Monkeys are wild animals and thus need to be treated with dignity and caution. We let the monkeys be monkeys by allowing them to communicate with each other and by providing them with plenty of foraging opportunities, a balanced diet that includes fruits and vegetables, food puzzles, and enriched indoor and outdoor environments. USDA licensing requires that the public stay at least three feet from an animal enclosure. To ensure maximum safety, we enforce a six-foot rule when hosting on-site events such as open houses and private tours.
Please do not buy a pet monkey! They look cute and cuddly online, but there are a number of reasons why they do not make good pets:
- They can be aggressive and lash out at you or a stranger.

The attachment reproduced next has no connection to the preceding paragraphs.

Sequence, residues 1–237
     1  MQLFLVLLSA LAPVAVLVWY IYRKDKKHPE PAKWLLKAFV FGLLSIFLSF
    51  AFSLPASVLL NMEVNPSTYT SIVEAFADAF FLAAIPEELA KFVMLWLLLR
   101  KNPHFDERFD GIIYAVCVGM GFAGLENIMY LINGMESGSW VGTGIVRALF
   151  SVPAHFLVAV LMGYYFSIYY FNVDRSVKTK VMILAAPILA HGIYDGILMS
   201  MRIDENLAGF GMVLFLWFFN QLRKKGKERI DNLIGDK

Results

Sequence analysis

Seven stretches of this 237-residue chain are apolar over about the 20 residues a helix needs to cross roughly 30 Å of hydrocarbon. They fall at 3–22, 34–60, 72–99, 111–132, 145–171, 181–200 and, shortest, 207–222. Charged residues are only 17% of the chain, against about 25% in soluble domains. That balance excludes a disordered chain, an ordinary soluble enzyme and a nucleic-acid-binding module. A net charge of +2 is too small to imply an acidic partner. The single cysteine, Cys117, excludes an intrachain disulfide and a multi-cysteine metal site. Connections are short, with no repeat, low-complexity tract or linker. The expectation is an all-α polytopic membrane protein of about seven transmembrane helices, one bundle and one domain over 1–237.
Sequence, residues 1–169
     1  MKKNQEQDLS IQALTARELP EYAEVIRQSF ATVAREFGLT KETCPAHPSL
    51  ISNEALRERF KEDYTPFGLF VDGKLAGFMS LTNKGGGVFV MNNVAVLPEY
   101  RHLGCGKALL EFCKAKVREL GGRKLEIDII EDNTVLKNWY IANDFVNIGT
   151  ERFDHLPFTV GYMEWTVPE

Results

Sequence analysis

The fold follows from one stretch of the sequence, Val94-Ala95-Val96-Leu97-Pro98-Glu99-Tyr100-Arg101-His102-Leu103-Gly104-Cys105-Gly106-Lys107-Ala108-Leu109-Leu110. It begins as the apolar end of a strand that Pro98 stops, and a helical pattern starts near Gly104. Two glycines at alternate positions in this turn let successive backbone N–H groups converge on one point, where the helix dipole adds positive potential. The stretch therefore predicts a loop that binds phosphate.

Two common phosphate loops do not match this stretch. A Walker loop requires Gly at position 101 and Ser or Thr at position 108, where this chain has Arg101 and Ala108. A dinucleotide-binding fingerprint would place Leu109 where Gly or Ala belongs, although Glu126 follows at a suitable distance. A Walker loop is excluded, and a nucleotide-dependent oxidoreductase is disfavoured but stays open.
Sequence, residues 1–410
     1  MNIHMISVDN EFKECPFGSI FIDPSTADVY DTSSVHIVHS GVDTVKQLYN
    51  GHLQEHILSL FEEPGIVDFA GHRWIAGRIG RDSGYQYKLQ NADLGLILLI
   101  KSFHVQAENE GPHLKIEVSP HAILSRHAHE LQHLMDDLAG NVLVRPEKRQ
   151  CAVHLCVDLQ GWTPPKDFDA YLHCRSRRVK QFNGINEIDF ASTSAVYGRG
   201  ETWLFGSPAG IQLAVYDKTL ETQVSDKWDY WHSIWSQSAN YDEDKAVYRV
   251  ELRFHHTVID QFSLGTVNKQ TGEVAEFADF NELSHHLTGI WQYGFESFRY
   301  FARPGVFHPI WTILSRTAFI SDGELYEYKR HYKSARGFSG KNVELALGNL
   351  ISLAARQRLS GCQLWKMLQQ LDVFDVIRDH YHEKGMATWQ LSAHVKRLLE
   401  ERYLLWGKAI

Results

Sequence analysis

- Finding veterinary care can be difficult because so many veterinarians are ethically opposed to keeping wild animals as pets.
- While the exact number is unknown, the number of monkeys kept as pets reaches into the tens of thousands nationwide. Because so many pet monkeys are eventually surrendered to sanctuaries, there is little room left to accommodate monkeys from research facilities.
- You are supporting an industry which involves weaning babies from their mothers at too early of an age only to “cling” onto the human buyer. Premature weaning is also factor that causes abnormal behavior later in life.
- Once at sanctuary, pet monkeys are especially difficult to socialize with other monkeys because, often, humans have raised them from a very young age with no monkey companions.
For more information on why you should not buy a pet monkey, please read the book Monkeys Don’t Wear Diapers by Polly Schultz.